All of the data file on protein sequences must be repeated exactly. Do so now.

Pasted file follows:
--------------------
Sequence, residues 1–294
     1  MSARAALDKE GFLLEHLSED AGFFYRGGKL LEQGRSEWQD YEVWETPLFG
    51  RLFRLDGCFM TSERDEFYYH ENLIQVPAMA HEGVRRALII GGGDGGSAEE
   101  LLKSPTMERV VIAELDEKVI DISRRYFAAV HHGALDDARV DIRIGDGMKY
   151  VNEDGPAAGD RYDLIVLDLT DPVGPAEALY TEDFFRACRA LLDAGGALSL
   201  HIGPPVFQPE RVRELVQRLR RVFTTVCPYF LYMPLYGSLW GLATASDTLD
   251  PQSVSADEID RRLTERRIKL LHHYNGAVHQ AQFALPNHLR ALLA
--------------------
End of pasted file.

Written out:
Sequence, residues 1–294
     1  MSARAALDKE GFLLEHLSED AGFFYRGGKL LEQGRSEWQD YEVWETPLFG
    51  RLFRLDGCFM TSERDEFYYH ENLIQVPAMA HEGVRRALII GGGDGGSAEE
   101  LLKSPTMERV VIAELDEKVI DISRRYFAAV HHGALDDARV DIRIGDGMKY
   151  VNEDGPAAGD RYDLIVLDLT DPVGPAEALY TEDFFRACRA LLDAGGALSL
   201  HIGPPVFQPE RVRELVQRLR RVFTTVCPYF LYMPLYGSLW GLATASDTLD
   251  PQSVSADEID RRLTERRIKL LHHYNGAVHQ AQFALPNHLR ALLA